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The tech angle from the Wilbur Ross confirmation hearing

Manuel Balce Ceneta / AP

Why it matters: Commerce weighs in on everything from privacy to wireless spectrum. So while the Secretary of Commerce doesn't have the high-profile of, say, the FCC chair, it's still a key role to watch for tech and telecom companies.

  • Spectrum: "Well, for sure, the vast majority of the federally occupied spectrum that's unused now is in the hands of the Department of Defense," said businessman Wilbur Ross. "So [the] first objective has to be do no harm, we can't compromise national defense, homeland at all. But we also need to be rational and it can't be that there's hoarding." Quick take: That's probably good news for people who want more federal spectrum turned over to private companies.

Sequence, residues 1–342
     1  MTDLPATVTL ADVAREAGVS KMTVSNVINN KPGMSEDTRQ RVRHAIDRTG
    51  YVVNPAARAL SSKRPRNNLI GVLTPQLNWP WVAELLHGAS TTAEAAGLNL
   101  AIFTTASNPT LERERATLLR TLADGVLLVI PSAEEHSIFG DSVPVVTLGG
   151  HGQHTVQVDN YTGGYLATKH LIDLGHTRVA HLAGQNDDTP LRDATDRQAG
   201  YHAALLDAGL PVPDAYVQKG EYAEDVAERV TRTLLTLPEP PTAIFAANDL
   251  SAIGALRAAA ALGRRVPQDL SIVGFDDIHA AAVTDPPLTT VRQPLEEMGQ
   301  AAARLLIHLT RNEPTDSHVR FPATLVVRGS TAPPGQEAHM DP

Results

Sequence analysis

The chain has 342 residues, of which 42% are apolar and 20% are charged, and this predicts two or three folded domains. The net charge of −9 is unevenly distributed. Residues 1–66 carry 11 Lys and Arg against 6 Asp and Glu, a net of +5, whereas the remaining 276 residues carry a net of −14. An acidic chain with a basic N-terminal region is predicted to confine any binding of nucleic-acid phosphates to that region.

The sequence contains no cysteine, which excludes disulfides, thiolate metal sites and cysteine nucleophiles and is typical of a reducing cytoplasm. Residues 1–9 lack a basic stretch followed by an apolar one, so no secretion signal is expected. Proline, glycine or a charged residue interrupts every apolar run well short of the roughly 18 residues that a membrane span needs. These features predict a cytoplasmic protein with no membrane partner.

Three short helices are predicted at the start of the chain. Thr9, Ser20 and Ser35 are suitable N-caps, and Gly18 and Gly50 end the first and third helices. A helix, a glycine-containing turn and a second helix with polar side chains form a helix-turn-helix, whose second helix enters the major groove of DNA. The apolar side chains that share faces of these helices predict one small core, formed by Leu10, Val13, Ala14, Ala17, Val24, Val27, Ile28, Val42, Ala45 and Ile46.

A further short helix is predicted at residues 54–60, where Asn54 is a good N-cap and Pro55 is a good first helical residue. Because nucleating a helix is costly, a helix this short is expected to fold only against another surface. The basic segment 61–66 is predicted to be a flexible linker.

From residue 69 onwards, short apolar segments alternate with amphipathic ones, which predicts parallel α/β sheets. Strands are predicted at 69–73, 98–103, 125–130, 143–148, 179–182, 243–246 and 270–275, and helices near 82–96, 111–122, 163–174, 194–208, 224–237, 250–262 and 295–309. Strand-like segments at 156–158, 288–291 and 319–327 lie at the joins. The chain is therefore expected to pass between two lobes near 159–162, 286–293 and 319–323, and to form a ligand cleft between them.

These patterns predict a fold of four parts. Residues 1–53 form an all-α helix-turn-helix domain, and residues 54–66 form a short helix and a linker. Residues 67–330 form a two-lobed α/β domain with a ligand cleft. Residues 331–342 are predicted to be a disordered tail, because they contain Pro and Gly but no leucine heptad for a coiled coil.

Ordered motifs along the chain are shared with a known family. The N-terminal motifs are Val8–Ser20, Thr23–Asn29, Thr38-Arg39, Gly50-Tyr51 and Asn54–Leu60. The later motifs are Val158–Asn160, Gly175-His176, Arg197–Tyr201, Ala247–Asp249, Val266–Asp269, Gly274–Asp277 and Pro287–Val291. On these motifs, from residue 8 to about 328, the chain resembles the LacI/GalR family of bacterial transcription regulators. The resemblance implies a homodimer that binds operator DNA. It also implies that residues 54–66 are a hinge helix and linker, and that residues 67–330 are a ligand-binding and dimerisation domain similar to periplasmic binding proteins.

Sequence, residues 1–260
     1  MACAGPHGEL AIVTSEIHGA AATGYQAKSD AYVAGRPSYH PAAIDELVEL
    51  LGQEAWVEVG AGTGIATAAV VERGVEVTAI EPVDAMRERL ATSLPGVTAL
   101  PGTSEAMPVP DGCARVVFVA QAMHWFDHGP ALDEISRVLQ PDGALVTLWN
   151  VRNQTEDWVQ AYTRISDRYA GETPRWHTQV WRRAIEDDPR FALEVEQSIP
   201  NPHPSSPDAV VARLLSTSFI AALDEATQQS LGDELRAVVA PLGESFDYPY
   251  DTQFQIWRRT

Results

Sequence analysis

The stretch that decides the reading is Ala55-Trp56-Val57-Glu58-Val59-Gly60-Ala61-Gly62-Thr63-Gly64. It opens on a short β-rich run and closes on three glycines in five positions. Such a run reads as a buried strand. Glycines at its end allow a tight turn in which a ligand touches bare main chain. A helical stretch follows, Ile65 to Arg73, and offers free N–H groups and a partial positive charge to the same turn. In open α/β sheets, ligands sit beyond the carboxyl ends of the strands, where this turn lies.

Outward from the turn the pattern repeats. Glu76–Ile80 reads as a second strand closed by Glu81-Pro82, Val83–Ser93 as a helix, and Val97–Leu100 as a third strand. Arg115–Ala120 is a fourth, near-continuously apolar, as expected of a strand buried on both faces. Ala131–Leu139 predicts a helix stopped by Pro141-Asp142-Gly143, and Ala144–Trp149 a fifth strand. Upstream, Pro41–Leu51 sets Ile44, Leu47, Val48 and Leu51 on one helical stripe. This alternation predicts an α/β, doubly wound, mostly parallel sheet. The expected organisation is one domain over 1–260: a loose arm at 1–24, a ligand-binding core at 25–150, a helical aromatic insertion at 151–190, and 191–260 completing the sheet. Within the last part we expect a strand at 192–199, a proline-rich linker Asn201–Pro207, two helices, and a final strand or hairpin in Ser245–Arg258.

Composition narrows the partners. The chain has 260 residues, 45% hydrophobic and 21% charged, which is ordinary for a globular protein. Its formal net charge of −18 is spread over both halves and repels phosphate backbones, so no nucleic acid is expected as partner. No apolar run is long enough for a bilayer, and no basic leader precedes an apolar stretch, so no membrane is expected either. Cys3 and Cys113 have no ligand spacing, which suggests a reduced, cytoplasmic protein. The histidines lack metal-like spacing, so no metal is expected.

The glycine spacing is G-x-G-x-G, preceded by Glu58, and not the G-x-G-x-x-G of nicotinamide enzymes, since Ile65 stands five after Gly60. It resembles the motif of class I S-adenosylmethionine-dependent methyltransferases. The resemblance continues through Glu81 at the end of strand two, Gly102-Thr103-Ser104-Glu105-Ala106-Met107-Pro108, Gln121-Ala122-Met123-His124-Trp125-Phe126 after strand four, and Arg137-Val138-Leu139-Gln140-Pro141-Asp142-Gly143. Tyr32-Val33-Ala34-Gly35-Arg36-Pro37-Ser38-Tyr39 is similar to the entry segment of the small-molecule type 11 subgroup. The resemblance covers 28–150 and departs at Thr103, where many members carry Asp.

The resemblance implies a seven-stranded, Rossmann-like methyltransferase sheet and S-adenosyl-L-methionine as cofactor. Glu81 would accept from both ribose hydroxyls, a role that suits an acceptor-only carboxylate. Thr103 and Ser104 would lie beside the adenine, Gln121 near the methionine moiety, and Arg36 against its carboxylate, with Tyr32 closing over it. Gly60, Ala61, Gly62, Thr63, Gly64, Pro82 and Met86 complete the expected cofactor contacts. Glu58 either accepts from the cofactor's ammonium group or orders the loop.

• The internet domain system: He acknowledged that the transition away from a U.S.-controlled domain name system is settled business for now. He was skeptical of the move, however, and said he'd be happy to look at alternatives if they ever come up.
  • Privacy: Asked about the framework governing data transfers between the US and EU, Ross said he recognized that "agreements that exist obviously exist" but said "there will be a tension between privacy on the one hand and the problems of localization of data and the implications that they have for the internet as we go forward."
  • Broadband deployment: "Broadband is to a very large degree a path to a future," Ross said, adding broadband was an important part of infrastructure policy. Quick take: This signals that broadband may be included in the major infrastructure plan Donald Trump is expected to roll out.